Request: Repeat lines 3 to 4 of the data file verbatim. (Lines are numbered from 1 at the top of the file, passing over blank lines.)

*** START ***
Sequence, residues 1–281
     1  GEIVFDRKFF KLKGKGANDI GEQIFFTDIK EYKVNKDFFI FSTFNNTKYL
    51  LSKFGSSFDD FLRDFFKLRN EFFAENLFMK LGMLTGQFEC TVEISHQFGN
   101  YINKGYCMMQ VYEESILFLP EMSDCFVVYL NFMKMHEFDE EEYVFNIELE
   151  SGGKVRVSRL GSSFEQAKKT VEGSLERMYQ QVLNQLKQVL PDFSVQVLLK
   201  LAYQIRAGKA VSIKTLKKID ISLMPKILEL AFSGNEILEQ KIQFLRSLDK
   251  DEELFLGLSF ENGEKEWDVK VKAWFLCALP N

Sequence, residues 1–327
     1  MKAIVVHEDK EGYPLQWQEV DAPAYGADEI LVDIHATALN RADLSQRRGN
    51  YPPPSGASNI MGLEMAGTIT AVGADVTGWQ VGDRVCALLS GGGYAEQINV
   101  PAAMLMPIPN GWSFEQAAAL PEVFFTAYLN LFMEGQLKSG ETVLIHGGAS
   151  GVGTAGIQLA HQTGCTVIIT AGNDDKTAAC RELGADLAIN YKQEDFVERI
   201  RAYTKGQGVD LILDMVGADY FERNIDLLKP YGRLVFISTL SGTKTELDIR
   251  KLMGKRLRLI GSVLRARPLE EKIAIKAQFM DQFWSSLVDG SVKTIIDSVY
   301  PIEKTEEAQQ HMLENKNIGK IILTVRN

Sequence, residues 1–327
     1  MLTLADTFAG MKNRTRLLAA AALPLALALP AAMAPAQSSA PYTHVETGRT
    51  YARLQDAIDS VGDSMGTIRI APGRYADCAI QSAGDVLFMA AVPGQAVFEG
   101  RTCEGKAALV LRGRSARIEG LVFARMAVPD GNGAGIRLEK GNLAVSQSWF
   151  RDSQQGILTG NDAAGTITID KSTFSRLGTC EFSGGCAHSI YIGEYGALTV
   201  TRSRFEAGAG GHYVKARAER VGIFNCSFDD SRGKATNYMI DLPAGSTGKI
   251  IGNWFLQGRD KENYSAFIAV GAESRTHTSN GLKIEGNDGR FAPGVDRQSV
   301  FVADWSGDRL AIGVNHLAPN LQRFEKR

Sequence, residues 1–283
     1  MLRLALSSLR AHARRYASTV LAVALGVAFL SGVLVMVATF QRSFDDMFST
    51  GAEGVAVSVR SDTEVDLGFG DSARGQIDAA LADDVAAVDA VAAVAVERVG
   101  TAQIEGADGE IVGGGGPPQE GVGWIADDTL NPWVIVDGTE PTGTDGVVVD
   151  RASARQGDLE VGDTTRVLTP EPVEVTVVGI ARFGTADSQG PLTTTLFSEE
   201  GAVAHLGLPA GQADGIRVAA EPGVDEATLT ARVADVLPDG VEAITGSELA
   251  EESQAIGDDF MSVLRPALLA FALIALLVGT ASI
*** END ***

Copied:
    51  LSKFGSSFDD FLRDFFKLRN EFFAENLFMK LGMLTGQFEC TVEISHQFGN
   101  YINKGYCMMQ VYEESILFLP EMSDCFVVYL NFMKMHEFDE EEYVFNIELE